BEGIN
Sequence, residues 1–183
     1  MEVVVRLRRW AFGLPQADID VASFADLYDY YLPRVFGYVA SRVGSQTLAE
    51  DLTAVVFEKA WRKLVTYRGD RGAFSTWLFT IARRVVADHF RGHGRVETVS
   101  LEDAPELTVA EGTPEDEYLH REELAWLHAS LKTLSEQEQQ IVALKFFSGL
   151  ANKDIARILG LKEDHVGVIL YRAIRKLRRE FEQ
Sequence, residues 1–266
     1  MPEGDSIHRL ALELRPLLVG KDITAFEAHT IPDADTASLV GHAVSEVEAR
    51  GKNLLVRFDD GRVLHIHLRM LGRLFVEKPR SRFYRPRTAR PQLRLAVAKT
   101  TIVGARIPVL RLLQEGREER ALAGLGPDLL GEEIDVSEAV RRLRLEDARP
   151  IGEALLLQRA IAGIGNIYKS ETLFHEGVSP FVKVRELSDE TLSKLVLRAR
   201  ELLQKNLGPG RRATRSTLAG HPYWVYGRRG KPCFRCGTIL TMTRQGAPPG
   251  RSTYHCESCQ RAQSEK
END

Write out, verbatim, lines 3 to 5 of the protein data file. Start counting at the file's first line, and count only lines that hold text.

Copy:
    51  DLTAVVFEKA WRKLVTYRGD RGAFSTWLFT IARRVVADHF RGHGRVETVS
   101  LEDAPELTVA EGTPEDEYLH REELAWLHAS LKTLSEQEQQ IVALKFFSGL
   151  ANKDIARILG LKEDHVGVIL YRAIRKLRRE FEQ